2016-07-27 / Editorials

For Future Pepsi Generations

Erected in 1940, the Pepsi-Cola sign has finally been officially landmarked.

We salute the Landmarks Preservation Commission (LPC) that voted last spring for designation after 28 years of consideration; Jimmy Van Bramer, who advocated tirelessly for it; and the rest of the City Council who voted unanimously to make it official.

The Pepsi-Cola sign is an iconic symbol, and is no longer just an ad.

This four-story high signpost to Queens has been, for some time now, an integral part of the landscape of Long Island City. It is a gateway that reflects the history and identity of Queens and the borough’s transition from an industrial headquarters (that Long Island City, Astoria and Queens at large has been) to the exciting, new, lively, energetic commercial/residential community that is flourishing. No area better exemplifies this progression than the above-mentioned communities. This is due not only to the prime location, but because of the people who poured their blood, sweat and tears into making it what it is today. The rest of Queens is also growing – Bayside, Corona, Forest Hills, Jackson Heights, Jamaica, Maspeth, and Ridgewood, to name some – as a result of their percolating and booming economic development.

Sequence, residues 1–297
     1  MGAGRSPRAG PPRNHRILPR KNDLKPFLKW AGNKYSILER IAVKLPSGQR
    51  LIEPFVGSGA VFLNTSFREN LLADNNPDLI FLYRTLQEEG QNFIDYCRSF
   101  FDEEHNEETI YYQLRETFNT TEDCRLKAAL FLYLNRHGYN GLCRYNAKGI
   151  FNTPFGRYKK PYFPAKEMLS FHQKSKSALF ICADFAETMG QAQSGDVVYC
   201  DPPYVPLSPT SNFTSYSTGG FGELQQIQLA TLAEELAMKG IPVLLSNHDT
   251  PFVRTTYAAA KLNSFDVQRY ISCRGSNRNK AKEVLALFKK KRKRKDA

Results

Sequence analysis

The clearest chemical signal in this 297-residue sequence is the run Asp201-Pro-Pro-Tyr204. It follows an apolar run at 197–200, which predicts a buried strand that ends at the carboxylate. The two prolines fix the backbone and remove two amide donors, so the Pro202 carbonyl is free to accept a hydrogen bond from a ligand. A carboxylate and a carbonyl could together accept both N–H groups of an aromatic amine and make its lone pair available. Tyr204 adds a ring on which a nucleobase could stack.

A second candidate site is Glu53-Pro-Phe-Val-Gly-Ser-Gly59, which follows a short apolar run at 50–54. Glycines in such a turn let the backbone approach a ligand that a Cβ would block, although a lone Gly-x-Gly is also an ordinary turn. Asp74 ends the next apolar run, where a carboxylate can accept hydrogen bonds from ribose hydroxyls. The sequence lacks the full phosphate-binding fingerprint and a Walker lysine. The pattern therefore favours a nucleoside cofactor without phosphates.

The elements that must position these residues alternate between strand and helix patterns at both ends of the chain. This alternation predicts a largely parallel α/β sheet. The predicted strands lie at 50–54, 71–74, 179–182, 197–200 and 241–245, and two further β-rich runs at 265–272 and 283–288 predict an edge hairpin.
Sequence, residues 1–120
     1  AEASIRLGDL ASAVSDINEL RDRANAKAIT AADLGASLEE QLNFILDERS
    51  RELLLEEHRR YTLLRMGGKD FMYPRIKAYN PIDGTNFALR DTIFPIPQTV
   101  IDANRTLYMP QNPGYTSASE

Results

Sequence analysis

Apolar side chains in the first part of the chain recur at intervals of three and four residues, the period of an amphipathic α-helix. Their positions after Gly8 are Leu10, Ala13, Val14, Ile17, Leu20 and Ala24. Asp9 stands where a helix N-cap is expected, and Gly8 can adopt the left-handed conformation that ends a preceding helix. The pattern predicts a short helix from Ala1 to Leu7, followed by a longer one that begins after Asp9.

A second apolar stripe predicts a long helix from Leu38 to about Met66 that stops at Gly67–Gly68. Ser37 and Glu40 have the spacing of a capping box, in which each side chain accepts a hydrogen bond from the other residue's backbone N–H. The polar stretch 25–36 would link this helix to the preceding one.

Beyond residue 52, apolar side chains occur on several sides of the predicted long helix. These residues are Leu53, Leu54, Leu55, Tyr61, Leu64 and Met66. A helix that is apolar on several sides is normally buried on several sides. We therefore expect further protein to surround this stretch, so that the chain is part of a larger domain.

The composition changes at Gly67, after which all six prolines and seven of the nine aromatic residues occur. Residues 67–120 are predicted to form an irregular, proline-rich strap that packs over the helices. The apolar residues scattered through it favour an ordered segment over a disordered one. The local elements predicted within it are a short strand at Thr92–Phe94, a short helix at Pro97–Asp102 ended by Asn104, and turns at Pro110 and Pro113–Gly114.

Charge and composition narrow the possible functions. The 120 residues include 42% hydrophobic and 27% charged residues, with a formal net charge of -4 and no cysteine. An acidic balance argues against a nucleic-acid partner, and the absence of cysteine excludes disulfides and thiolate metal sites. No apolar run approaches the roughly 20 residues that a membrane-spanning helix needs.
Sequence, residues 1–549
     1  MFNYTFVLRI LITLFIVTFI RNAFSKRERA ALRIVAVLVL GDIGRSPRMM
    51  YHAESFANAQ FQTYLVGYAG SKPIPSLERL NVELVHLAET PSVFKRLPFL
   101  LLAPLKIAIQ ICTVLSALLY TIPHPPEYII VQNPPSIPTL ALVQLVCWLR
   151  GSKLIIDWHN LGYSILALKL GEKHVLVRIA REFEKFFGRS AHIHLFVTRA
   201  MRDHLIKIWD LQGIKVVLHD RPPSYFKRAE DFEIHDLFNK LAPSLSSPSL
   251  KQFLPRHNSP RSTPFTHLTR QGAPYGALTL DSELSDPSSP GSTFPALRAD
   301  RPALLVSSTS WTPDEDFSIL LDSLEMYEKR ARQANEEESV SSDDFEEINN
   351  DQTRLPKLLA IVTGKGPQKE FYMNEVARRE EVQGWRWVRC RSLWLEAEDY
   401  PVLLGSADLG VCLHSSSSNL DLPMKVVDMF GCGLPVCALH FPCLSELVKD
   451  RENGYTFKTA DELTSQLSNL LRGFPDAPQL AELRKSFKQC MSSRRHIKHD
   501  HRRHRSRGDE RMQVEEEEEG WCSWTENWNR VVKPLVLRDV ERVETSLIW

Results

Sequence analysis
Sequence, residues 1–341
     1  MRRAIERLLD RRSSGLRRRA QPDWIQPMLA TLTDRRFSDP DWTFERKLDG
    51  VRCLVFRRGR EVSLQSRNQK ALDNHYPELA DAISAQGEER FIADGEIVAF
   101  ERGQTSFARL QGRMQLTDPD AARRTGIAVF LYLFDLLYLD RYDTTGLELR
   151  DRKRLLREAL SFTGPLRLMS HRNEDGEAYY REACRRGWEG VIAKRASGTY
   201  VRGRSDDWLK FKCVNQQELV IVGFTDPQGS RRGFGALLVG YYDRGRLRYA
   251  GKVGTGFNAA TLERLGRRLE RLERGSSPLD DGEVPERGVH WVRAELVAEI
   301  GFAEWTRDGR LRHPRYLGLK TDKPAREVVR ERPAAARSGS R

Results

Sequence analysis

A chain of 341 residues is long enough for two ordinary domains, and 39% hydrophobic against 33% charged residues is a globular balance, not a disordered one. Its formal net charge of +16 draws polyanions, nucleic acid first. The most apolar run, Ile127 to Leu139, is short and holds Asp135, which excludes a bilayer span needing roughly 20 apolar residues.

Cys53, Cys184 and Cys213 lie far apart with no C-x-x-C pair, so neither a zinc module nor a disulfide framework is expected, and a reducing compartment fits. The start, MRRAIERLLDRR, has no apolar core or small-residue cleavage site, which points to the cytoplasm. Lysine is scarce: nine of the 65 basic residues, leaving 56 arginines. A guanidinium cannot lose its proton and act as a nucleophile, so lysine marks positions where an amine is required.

The glorious neon calling card that is the Pepsi sign has always been appreciated by all who saw it, either in their everyday travels, as soon as it was spotted in a movie, or perhaps driving along FDR Drive. It said “Welcome to Queens.” Though The New York Times said it “evokes...a spectacular disregard for the waterfront,” we have come to treasure not only the waterfront – its natural beauty, spectacular views, and usefulness, but we embrace its early mercantile character, as pop culture has gained appreciation and is considered as valid as any other classic aesthetic.

The sign also just plain brings warm waves of nostalgia for those fondly remembered days when having a soda was pure pleasure, with no internal conflicts about calories or anything else.

While the waterfront continues to evolve, with its posh new apartment buildings and all the amenities, the Pepsi-Cola sign is a throwback to a bygone era that we treasure as part of our heritage, our manufacturing origins and the resulting growth of all sectors. It has always been a signpost to prosperity and with the landmarking it will continue to welcome not only the original “Pepsi Generation,” but future generations to come.

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